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An Age of Transition: The United States, China, Peak Oil, and the Demise of Neoliberalism

Minqi Li

Abstract


Until recently, the global capitalist economy has enjoyed a period of comparative tranquility and grown at a relatively rapid pace since the global economic crisis of 2001-02. During this period of global economic expansion there have been several important economic and political developments. First, the United States—the declining hegemonic power but still the leading driving force of the global capitalist economy—has been characterized by growing internal and external financial imbalances. The U.S. economy has experienced a period of debt-financed, consumption-led "expansion" with stagnant wages and employment, and has been running large and rising current account deficits (the current account deficit is a broad measure of the trade deficit). Second, China has become a major player in the global capitalist economy and has been playing an increasingly important role in sustaining global economic growth. Third, global capitalist accumulation is imposing growing pressure on the world's natural resources and environment. There is increasingly convincing evidence that the global oil production will reach its peak and start to decline in a few years. Fourth, the U.S. imperialist adventure in the Middle East has suffered devastating setbacks and there has been growing resistance to neoliberalism and U.S. imperialism throughout the world.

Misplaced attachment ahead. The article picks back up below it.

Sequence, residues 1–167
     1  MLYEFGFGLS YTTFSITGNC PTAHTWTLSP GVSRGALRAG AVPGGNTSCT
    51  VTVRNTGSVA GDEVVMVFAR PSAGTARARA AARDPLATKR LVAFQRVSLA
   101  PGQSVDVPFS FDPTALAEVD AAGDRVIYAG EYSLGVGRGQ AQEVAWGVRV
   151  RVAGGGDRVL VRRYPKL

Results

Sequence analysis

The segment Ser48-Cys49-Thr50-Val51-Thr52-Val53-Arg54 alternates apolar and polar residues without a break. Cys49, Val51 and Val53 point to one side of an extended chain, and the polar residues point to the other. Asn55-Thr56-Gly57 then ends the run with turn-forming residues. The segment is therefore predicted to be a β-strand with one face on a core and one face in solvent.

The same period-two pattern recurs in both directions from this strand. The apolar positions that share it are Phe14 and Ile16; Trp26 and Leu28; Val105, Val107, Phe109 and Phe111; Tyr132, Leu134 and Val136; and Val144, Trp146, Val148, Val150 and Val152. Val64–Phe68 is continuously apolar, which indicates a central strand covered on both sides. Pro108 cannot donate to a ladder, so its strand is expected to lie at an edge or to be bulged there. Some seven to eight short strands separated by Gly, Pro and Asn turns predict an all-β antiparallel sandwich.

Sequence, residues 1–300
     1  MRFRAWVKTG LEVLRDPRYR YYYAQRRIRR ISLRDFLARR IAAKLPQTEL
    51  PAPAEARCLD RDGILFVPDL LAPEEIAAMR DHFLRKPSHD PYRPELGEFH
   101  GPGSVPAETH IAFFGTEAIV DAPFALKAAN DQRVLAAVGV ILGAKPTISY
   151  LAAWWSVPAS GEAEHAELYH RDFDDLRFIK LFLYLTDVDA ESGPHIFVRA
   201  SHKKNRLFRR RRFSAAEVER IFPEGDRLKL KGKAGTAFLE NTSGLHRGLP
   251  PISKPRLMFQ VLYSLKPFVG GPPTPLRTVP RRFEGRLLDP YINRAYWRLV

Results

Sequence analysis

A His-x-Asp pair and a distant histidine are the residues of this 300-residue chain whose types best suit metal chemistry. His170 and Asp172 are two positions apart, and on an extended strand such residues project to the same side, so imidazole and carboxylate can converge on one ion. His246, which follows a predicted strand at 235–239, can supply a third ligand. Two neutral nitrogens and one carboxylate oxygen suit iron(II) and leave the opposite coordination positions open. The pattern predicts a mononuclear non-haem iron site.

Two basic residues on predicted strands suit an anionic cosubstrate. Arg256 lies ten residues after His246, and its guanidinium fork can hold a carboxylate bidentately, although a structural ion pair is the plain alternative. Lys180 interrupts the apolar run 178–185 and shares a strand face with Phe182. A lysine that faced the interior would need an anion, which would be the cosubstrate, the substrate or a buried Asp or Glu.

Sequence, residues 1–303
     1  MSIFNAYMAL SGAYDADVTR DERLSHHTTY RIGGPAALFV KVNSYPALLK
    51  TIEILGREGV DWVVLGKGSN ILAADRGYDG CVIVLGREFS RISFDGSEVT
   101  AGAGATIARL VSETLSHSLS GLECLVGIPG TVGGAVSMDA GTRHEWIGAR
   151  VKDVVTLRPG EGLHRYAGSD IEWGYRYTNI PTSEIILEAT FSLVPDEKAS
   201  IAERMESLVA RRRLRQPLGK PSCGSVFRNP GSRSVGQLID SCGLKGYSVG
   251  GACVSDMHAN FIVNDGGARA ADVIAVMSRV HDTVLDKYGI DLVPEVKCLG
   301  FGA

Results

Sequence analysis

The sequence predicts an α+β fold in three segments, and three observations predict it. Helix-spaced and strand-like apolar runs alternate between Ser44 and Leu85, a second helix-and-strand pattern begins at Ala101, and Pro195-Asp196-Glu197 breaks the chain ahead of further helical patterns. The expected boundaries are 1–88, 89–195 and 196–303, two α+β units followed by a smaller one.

Keywords


Global Economic Crisis; Political Economy

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DOI: http://dx.doi.org/10.14452/MR-059-11-2008-04_2

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